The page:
A Flawed Masterpiece
Alan | December 27, 2014
Destiny is a delightfully fun game. It's so fantastic that its flaws are magnified tenfold, defining the frustrating gap between what Destiny is and what Destiny could be.
I’ve been traveling quite a bit lately, and whenever I travel, my PS Vita comes along with me. This has very little to do with the games on the Vita itself and everything to do with the way Remote Play grants me constant access to the copy of Destiny installed on my PS4.
The reason I need constant access to Destiny is because of Xur. If you haven’t heard of Xur (and I wouldn’t blame you), he is a vendor that only appears on Fridays and Saturdays. He sells a new selection of very nice “exotic”-grade equipment each week and there’s no way to see or buy from his inventory unless you track him down in his latest hiding spot each week.
So there I am each week, sometimes in a hotel room across an ocean, sometimes at home with my PS4, always securely hooked on ensuring that I never miss Xur’s latest offering.
I really like Destiny.
But at the same time, I’ll readily admit that Destiny is a terribly flawed game. It’s the most flawed great game to come out this year. Most every part of it outside of the core combat mechanics is flawed in some way.
Let’s review the problems:
- There’s pretty much no story. Every story beat seems to exist only as an excuse to motivate gameplay action. There’s no real sense of wider progression or meaning.
- Missions are unbelievably repetitive. While the latest expansion has shaken things up slightly, the vast majority of missions use the same basic structure and limited set of mechanics.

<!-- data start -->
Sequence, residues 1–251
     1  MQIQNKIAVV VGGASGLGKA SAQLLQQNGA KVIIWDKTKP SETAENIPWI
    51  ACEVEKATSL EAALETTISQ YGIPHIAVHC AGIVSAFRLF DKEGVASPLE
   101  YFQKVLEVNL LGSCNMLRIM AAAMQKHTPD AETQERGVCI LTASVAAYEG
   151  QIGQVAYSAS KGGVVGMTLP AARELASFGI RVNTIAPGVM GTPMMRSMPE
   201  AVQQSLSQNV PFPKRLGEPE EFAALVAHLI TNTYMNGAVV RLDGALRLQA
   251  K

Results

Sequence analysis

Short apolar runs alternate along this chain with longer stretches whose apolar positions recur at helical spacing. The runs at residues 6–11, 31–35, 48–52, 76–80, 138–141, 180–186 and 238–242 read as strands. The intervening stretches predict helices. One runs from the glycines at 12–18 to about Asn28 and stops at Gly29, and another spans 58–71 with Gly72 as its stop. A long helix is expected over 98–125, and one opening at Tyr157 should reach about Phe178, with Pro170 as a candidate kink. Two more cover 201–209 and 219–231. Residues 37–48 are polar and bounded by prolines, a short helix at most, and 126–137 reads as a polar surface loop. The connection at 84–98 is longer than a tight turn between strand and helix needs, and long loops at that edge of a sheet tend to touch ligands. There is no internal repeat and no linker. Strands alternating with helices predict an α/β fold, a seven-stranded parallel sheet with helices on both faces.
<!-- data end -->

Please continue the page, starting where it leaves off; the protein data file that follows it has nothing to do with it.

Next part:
- The world feels dead, and not in the atmospheric, post-apocalyptic sense. The only hub area has a max player count of 16, and the open exploration areas hardly have anything in them to actually explore.
- Player interaction is minimal. There’s no text chat, and voice chat was originally restricted only to people in your fireteam. There’s no trading or global economy or shared loot.
But the reason these things are problems is precisely because Destiny is such a great game. There is such potential — and such intense fun to be had when it work well — that as a player of Destiny you can’t help but wonder what the game could be if it didn’t have these flaws.
Just so you don’t come away from this thinking Destiny is problematic through-and-through, here are some things it gets very right:
- The core combat loop. Shoot, melee, grenade, charge up your super, use your super, repeat. It’s a straightforward set of actions, but they combine into combat that is tremendously satisfying, with a surprising amount of variety.
- That feeling when you hit an enemy’s weak point. Destiny really nails the positive feedback mechanic. When you hit a weak point, you feel your bullets connect, and when you take an enemy down, you get a satisfying burst of explosive activity.
- High-end raiding. By all accounts, the high-end raid content is the best, most varied, most interesting content to be found in Destiny. Unfortunately, I haven’t tried it, because it’s rather difficult to get a group of 6 people together to play Destiny, but this high barrier to entry is itself actually rather awesome.
- Gorgeous visuals and an exquisite soundtrack. Destiny looks lovely, and sounds lovely as well. Marty O'Donnell's sweeping, epic soundtrack pairs perfectly with the game's tremendous visual impact.
- Xur. A mysterious NPC who comes back every week, always hiding in a new spot, and always carrying a potentially compelling array of goods? Yeah, I’ll take one of those in my space shooting game.
Above all, the fact that Destiny is really fun to play undercuts almost every aspect in which it falls short. Yes, Destiny is full of glaring flaws, but those flaws are only obvious because they exist within one of this year’s most compelling experiences.